I sit in the same chair each morning, a cup of coffee on the table next to me, the Book of Common Prayer on the chair arm, and a Bible in my lap. I spend a considerable time reading, thinking, and praying.
Whenever I look up, I see a plaque opposite me on the wall. It is an odd decoration. Affixed to the plaque, which cost a couple of dollars, is a tin can bounded on either end by hose clamps. Right below the can are the words, “My God shall supply all your needs,” taken from the fourth chapter of St. Paul’s letter to the Philippians.
I placed it there, where I will see it every day, as a helpful reminder of how God has taken care of my family in the past and an encouragement to trust God in the future. But I had another reason for putting it there: I wanted to use it to help our grandchildren learn what God is like.
Our grandchildren are still young. But I expect that one of these days our oldest, now six years old, will say: “Grandpa, why is there a can on the wall in your study?” And I will say, “I don’t think you’re ready for that story yet. I’ll tell you when you are older.” And each time they see the tin can mounted on the wall, it will arouse their curiosity about the story behind it.
Someday I will tell them the story. The can reminds me of a time when I was pastoring in a mission-like church in a rustbelt city. When I was sent there, the average Sunday attendance was 19. Three months after we arrived, the biggest giver in the church died. Then began years of financial struggle. There were times when we had no money and no groceries.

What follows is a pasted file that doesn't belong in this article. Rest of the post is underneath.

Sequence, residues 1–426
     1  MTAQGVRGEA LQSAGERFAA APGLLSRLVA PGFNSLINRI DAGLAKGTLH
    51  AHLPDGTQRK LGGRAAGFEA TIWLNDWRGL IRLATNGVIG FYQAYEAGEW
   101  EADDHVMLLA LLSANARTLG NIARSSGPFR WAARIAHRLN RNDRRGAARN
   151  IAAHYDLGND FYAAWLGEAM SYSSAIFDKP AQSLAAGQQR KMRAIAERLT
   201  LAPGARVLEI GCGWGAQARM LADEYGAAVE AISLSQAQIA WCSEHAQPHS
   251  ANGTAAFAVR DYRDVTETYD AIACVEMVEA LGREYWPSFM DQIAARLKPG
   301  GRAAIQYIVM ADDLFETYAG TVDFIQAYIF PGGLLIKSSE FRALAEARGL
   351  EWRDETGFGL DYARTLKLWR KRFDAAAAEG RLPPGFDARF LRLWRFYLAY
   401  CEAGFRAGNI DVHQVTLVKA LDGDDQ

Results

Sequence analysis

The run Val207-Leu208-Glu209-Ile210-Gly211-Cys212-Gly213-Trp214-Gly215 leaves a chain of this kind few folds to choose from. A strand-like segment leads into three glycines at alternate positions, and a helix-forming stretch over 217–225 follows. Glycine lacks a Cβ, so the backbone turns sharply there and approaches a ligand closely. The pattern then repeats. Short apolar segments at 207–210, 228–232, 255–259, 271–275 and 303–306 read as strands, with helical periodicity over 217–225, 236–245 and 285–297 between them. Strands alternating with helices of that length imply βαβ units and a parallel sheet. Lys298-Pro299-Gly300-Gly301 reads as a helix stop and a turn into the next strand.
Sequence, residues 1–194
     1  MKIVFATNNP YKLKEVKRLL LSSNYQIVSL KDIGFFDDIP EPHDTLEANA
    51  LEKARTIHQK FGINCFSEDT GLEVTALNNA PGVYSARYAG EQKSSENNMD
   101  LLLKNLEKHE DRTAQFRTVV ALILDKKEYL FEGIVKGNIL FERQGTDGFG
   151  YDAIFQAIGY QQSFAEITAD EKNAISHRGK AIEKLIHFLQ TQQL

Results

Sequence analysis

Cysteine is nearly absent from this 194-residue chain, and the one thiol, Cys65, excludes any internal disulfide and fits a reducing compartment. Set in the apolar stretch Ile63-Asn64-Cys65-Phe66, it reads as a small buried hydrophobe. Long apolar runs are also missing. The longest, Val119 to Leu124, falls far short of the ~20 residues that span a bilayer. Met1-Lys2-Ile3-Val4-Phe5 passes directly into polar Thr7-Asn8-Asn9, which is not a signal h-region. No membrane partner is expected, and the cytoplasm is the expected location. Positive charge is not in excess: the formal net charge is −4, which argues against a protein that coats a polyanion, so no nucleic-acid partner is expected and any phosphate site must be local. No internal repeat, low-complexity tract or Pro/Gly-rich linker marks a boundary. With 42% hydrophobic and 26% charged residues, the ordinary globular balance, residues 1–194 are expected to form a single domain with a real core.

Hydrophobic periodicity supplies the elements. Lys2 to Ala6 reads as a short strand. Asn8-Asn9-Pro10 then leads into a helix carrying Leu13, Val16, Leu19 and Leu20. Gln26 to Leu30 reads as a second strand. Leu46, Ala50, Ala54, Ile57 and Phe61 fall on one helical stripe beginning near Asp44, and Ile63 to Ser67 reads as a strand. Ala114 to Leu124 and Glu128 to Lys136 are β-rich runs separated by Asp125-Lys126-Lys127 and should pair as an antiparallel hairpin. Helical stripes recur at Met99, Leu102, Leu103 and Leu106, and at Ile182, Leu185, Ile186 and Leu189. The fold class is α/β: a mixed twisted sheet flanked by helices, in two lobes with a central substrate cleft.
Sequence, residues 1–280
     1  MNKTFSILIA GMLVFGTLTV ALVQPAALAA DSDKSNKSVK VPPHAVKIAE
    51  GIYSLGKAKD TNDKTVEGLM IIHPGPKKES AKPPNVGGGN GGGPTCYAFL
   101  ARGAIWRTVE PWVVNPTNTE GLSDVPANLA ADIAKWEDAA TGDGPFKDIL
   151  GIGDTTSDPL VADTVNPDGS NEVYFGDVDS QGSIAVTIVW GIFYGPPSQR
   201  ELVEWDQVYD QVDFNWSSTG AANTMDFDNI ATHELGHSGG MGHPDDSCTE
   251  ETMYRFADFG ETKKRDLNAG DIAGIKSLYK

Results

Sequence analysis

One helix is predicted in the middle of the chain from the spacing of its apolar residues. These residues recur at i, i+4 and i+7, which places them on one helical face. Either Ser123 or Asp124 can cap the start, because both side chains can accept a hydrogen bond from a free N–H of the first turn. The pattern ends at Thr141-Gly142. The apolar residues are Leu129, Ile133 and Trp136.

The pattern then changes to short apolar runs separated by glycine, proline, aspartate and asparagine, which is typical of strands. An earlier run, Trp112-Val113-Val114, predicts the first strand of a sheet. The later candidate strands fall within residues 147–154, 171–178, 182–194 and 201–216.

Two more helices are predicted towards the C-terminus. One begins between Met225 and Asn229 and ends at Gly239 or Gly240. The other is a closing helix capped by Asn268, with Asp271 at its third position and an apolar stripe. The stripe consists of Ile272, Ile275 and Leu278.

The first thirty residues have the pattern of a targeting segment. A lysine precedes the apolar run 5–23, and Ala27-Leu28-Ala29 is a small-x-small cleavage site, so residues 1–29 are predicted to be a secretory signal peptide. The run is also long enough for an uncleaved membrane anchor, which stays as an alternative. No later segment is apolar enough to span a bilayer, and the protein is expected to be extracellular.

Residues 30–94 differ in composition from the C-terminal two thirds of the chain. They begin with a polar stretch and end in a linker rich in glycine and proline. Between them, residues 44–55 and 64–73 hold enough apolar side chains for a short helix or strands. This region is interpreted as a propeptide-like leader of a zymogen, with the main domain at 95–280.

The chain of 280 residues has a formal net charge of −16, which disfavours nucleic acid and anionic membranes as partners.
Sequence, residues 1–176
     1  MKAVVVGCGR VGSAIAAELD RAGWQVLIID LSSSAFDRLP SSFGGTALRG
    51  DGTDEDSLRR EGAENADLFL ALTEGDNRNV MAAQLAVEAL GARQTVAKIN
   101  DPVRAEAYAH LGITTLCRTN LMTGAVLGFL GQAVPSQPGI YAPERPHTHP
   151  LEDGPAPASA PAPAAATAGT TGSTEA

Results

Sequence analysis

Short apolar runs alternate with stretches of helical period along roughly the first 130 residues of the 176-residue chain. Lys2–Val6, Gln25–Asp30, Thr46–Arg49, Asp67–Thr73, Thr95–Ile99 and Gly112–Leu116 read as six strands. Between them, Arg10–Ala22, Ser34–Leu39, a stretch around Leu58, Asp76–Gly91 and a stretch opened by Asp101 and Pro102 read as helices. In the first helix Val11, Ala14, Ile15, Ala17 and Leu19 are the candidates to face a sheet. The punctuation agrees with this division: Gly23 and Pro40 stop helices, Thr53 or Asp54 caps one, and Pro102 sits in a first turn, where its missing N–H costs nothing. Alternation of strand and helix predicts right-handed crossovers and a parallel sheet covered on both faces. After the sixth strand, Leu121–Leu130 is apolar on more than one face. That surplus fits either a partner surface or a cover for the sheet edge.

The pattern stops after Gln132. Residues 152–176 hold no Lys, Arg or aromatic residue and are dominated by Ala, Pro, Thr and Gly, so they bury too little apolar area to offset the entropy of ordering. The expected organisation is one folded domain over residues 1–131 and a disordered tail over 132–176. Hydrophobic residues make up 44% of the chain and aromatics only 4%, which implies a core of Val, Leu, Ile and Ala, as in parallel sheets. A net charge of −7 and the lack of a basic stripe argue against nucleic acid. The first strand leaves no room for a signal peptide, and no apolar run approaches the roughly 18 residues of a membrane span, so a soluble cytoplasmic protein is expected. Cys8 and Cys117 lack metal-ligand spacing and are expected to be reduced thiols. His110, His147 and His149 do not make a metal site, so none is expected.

One day, the pipe between the catalytic converter and the muffler on my old Buick rusted through, and I had no money to pay for repairs. So, I rescued a tin can from the trash, cut it lengthwise into a metal sleeve, then clamped the sleeve around both ends of the broken pipe. To my surprise, it worked.
I was driving downtown a week or two later and stopped at the post office. When I went to get out of the car, the driver’s side door would not open. I slid over and tried the passenger door. It would not open either. It was like a scene in a comedy as I climbed over the bench seat – in jacket and tie – to escape out the back door.
Later, on my way back to the church, my makeshift repair burned through, the pipe dropped to the pavement, and the car roared so loudly it could be heard for blocks. In frustration I cried to God: “I need a new car!”
That evening, five people came to our home in two cars. They left in one, after they had given us the other. The interesting thing is that we never told anyone about any of our financial needs—except God, who had already taken care of our needs in many remarkable ways.
I want to tell that story to my grandchildren. More than that, I want to impart to them a knowledge of God’s goodness and a confidence in his care. In the words of the ancient psalm, I desire to “declare [God’s] power to the next generation, [his] might to all who are to come.”
It is incumbent upon us to relate what we know about God to the next generation. One of the best ways to do this is through stories. Years of pastoral work have taught me that people have stories that are important for them to share. Teaching children doctrine is necessary, but without stories, they will have no hooks on which to hang their doctrines.
It is good to find creative ways to share the stories that display, as the psalmist put it, “the praiseworthy deeds of the LORD, his power, and the wonders he has done … so the next generation would know them.” Such stories are among the richest treasures we can give the next generation.
(First published by Gannett.)